Days later, these women are already under the control of the Taliban after the city of Herat fell to militant forces on Thursday. Shortly after the fall of the city, a statement by the Taliban was circulated online and among Herat citizens, women were informed that the burqa was now mandatory in all public spaces.
In Kabul, a sense of pain and panic has overwhelmed women in the Afghan capital. With two-thirds of the population under the age of 30, the majority of women here have never lived under the control of the Taliban.
In some households, the burqa has sparked divisive intergenerational conflict. Habiba’s parents, 26, beg her and her sisters to wear a burqa before the Taliban enter the city, but she resists.
“My mother says we should buy a burqa. My parents are afraid of the Taliban. My mother thinks that one of the ways she can protect her daughters is by forcing them to wear the burqa, ”she says.
“But we don’t have a burqa in our house, and I have no intention of getting one. I don’t want to hide behind a curtain-like cloth. If I wear the burqa, it means that I have accepted the rule of the Taliban. I have given them the right to control me. Wearing a chador is the beginning of my prison sentence in my house. I’m afraid of losing the achievements that I fought so hard for. “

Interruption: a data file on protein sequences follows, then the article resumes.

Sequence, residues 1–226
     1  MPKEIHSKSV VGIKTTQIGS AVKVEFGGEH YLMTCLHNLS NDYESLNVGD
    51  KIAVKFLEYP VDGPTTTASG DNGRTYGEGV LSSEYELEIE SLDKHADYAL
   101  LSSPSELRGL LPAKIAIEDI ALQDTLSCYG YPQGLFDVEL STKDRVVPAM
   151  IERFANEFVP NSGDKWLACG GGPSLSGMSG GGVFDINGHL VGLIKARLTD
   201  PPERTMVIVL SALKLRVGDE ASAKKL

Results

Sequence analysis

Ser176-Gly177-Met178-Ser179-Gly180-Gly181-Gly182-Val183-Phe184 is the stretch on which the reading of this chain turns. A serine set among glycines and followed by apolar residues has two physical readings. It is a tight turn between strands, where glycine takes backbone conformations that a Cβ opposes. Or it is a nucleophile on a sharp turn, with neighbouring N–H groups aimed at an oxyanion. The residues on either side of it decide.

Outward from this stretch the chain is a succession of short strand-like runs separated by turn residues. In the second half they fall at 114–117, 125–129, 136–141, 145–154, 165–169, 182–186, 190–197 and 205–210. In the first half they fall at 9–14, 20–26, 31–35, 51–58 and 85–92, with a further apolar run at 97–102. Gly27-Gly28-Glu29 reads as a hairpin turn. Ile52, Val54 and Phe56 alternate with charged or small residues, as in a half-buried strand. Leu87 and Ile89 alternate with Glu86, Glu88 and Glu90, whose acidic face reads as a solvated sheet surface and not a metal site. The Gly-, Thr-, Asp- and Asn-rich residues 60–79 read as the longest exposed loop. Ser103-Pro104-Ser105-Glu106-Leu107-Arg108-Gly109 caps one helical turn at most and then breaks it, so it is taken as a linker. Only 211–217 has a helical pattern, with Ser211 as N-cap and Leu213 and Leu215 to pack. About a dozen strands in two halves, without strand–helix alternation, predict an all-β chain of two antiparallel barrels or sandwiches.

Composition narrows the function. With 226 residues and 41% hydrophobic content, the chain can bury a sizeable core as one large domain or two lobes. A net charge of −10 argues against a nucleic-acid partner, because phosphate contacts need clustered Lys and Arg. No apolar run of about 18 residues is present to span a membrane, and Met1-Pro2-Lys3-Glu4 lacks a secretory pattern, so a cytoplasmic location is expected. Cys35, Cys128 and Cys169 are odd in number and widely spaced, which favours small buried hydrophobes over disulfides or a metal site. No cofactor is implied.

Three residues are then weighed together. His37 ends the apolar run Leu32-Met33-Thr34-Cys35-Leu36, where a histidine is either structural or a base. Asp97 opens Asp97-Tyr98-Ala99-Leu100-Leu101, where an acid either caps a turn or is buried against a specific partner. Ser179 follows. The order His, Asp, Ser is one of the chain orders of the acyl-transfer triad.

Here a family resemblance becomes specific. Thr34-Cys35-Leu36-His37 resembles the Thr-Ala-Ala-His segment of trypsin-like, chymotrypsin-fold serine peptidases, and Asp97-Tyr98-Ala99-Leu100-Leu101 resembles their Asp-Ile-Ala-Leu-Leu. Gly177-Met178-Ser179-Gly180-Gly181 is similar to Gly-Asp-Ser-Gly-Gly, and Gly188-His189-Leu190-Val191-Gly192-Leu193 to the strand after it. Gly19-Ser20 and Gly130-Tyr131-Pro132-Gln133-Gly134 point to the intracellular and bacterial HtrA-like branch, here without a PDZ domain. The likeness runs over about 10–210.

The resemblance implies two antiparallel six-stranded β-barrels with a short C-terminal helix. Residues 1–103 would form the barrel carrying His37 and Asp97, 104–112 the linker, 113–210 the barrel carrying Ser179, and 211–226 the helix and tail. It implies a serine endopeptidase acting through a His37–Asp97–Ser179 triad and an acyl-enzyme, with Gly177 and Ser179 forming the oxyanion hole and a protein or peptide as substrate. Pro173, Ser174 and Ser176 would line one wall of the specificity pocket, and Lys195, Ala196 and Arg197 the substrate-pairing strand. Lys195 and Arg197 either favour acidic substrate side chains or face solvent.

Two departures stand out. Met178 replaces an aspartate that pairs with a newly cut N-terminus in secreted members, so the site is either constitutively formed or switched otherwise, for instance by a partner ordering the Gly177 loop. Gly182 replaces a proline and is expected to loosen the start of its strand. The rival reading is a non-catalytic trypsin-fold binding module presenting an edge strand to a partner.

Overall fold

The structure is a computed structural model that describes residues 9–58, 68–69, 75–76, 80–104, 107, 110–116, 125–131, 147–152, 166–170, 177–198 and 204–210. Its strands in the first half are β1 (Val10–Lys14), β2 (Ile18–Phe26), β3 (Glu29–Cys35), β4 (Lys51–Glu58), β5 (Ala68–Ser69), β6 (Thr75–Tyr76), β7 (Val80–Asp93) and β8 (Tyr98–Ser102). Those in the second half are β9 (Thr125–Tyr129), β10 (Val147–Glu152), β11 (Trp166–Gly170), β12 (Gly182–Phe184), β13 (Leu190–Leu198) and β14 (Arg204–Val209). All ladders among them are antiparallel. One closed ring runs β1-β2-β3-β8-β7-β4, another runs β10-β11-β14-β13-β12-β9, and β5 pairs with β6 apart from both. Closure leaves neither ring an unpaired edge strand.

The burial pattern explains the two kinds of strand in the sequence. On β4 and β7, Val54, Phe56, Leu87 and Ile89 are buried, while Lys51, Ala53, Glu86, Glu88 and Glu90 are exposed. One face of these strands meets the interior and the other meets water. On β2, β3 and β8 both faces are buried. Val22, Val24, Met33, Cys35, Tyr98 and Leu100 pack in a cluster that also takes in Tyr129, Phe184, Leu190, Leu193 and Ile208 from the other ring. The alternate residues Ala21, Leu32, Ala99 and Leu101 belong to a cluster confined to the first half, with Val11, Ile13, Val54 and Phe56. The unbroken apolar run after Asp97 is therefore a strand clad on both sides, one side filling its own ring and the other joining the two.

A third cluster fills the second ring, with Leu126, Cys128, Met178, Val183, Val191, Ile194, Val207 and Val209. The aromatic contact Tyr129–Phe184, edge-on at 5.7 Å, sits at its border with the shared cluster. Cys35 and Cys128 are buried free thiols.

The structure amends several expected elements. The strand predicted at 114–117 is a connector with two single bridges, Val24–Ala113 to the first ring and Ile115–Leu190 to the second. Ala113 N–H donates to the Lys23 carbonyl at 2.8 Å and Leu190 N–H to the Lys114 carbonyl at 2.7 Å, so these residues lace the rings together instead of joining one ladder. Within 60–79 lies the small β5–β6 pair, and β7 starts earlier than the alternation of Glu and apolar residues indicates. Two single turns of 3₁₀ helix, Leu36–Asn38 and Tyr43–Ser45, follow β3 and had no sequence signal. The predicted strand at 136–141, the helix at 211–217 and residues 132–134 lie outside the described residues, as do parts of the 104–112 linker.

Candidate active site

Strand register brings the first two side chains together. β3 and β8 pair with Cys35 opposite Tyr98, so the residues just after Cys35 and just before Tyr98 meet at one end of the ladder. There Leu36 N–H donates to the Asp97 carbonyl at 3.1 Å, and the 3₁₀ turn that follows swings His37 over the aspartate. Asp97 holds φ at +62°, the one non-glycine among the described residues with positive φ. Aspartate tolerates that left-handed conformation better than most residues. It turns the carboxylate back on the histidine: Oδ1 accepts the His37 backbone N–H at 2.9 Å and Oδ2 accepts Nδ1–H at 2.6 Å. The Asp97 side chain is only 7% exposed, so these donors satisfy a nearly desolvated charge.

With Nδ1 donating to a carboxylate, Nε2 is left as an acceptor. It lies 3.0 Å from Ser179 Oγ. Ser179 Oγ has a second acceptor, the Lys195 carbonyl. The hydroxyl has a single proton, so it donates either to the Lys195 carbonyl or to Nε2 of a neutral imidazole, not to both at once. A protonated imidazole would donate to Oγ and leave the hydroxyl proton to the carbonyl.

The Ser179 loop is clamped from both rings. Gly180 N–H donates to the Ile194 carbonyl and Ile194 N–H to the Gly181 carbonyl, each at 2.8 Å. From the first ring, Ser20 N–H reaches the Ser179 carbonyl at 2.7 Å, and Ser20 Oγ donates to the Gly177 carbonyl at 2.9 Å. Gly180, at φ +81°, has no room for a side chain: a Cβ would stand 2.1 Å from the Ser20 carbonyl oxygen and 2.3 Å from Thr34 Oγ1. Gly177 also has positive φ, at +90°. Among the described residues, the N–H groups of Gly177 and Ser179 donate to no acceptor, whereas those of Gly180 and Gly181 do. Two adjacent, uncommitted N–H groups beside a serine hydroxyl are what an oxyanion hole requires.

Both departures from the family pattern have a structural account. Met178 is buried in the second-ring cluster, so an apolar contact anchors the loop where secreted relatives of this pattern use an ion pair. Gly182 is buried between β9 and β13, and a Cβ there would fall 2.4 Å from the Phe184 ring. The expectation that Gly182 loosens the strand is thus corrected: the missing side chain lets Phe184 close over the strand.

Habiba is a college student, with her whole life ahead of her. There are already reports of what the Taliban are doing to women in areas they now control: restricting their freedom of movement and seeking out those who have led public life.
Habiba says that she, like many women in Kabul, is sick with worry about what lies ahead.
“I stay up late at night, sometimes one or two in the morning, worrying about what will happen. I fear that because I am rejecting the burqa, I will soon have to stay home and lose my independence and my freedom.
“But if I accept the burqa, it will have power over me. I’m not ready to allow that to happen. “
Many young Kabul women feel the same conflicted sense of despair and defiance. Amul, a model and designer, has worked for years to establish a small business and now sees that it is headed for destruction.
“My whole life has been about trying to showcase the beauty, diversity and creativity of Afghan women,” she says. All her life, she says, she has struggled with the image of the Afghan woman as a faceless figure in a blue burqa. “I never thought I would wear one, but now I don’t know.
“It’s like my identity is about to be erased.”
Now more than ever, Afghan women need a platform to speak for themselves. As the return of the Taliban stalks Afghanistan, the survival of Rukhshana Media it depends on the help of the readers. To continue reporting for the crucial next year, he is trying to raise $ 20,000. If you can help, go to this crowdfunding page.
George is Digismak’s reported cum editor with 13 years of experience in Journalism